Though the phenomenon of Americans retiring in Latin America began 25 years ago, it has accelerated in the past five to 10 years. Call the region America's new "Sun Belt."
"Thirty five years ago, this idea was truly on the far fringe – that if you thought about retiring out of the US, you were labeled 'renegade' or 'strange' or 'weird,' or 'over-adventurous,' " says Jennifer Stevens, editor of International Living magazine. "Now it is much more acceptable, desirable, and even normal to do this. It's a huge trend."
The exodus south is being driven by a confluence of factors. The baby boom generation – the largest in history – is reaching retirement age, and millions are looking for places to spend the next phase of their lives. As the most educated, well-traveled, and adventurous generation in history, many of these boomers are deciding to retire outside the country – including in Latin America.
They're also looking for places that will allow them to stretch their 401(k)s after they lost a lot of money in the last stock market collapse. With the US economy remaining so tentative, and health-care costs so aggressive, retirees want to live where they can afford greens fees and where a trip to the emergency room won't bankrupt them.
"A lot of people are saying, 'I'm tired of worrying about my retirement years,' so they are beginning to ask questions and go in search of great deals ... and they are finding them," says Kathleen Peddicord, founder of the Live and Invest Overseas publishing group and author of "How To Retire Overseas: Everything You Need to Know to Live Well (for Less) Abroad."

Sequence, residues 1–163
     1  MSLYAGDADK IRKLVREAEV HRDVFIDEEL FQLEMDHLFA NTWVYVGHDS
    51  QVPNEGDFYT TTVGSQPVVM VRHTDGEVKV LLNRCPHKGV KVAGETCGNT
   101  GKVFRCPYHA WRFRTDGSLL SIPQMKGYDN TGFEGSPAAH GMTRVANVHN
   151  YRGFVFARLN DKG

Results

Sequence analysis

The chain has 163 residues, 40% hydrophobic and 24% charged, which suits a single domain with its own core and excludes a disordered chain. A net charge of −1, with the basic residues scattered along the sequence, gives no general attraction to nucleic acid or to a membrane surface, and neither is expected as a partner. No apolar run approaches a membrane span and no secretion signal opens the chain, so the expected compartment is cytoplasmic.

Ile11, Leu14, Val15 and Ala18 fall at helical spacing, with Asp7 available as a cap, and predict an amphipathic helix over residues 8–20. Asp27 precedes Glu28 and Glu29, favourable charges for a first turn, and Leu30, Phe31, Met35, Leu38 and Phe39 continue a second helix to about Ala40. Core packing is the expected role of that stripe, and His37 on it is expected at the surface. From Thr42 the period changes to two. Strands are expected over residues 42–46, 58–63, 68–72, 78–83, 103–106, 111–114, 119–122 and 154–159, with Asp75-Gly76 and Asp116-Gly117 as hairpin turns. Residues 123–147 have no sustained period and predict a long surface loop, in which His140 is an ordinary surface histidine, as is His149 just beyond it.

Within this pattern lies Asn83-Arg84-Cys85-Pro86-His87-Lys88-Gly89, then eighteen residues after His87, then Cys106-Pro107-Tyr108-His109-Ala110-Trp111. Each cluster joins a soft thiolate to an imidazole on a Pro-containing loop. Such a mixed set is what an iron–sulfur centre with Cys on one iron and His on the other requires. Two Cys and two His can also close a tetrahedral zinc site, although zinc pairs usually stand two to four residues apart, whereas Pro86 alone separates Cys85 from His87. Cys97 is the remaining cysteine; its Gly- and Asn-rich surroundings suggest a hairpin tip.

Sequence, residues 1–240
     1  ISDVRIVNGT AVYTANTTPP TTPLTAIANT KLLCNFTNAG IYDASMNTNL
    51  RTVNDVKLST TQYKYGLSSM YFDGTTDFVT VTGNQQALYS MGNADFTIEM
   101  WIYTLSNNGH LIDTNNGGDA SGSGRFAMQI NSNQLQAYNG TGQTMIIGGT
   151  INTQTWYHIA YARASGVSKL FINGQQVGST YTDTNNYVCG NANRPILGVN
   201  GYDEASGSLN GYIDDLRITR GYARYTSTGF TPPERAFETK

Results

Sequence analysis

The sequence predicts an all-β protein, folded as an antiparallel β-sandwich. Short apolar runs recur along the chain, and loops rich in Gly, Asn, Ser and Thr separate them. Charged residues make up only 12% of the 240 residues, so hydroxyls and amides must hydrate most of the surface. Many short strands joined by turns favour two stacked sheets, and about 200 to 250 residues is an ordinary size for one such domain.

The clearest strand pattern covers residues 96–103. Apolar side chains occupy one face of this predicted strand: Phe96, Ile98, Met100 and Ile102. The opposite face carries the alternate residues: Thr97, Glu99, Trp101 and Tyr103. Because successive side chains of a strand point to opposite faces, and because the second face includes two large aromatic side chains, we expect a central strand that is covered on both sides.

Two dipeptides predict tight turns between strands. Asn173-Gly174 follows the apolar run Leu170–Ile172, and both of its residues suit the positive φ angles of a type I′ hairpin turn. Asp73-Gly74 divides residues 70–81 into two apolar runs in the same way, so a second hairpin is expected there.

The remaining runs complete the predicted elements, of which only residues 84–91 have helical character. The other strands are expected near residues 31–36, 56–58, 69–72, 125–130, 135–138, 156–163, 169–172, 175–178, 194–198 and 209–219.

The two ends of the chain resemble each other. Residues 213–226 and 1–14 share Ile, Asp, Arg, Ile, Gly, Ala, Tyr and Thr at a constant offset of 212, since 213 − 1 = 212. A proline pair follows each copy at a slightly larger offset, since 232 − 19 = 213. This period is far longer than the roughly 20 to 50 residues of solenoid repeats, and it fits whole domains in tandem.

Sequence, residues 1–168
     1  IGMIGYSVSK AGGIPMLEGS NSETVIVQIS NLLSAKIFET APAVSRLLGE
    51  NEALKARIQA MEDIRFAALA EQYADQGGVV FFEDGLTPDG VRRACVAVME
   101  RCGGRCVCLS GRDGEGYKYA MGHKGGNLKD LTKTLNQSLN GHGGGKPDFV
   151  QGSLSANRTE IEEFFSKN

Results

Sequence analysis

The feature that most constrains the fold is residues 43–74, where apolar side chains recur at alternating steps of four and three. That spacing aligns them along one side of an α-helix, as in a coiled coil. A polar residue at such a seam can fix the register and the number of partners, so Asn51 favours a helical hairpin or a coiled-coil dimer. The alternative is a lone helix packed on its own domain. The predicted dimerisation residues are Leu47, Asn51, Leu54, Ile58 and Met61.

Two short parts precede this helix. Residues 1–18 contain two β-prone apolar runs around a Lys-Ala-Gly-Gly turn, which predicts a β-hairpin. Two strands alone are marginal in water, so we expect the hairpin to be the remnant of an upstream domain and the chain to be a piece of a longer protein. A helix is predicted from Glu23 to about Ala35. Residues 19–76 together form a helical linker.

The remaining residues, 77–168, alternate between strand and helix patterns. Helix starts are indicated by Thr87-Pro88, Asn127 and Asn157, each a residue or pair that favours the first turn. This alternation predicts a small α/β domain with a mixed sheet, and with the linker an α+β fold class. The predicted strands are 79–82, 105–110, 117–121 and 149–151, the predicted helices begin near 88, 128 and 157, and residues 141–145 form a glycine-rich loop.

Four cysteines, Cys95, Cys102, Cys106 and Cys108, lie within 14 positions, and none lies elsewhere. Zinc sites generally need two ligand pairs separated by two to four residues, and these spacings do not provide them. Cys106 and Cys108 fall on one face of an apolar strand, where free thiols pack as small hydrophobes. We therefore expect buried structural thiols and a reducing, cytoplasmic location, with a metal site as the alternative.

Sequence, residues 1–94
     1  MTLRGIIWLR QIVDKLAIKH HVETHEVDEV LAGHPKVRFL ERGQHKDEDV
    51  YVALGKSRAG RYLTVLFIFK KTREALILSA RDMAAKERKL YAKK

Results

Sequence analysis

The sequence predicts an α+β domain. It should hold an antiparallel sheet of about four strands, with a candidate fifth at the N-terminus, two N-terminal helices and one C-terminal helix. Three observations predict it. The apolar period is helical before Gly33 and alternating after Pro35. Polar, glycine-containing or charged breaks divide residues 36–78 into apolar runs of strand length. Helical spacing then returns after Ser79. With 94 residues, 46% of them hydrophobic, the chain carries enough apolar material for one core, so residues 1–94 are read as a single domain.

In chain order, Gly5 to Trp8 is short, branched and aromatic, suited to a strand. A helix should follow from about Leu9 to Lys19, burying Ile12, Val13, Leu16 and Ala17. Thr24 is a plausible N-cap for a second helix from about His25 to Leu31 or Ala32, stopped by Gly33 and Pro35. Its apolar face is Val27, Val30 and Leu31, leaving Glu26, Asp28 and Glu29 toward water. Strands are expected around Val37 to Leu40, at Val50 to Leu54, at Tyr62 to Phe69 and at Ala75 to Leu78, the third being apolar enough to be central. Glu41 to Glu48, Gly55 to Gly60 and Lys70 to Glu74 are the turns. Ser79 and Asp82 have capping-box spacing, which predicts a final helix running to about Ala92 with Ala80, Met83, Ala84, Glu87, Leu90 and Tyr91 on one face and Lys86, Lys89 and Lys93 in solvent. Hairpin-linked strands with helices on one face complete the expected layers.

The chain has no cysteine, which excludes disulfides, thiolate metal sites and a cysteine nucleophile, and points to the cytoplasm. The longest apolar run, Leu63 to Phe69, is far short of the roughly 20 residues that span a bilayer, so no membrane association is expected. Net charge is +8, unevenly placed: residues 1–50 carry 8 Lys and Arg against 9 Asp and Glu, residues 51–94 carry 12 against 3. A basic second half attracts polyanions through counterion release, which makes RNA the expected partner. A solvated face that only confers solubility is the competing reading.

She says that many are taking advantage of what she calls the "perception gap" – the idea that countries such as Colombia and Nicaragua are still thought of as countries with huge problems of drug violence even though the violence has largely been erased.
One other factor: In the age of Skype and FaceTime, meaningful contact with children and friends, no matter where one retires, is now only a finger tap away.
While living in Latin America isn't for everyone – crime, cultural differences, and even phone connections can be problematic – is it any wonder that Naples, Fla., and Flagstaff, Ariz., are no longer America's only leisure-years Shangri-Las?
What makes Guatemala attractive to retirees, for instance, is not only its enviable views but its cheap costs, even relative to other Central American countries.
A house that would go for half a million dollars in Costa Rica or Panama can be found or built in Guatemala for $250,000, according to Armand Boissy, a real estate agent and developer who has lived in the Lake Atitlán area for the past 25 years.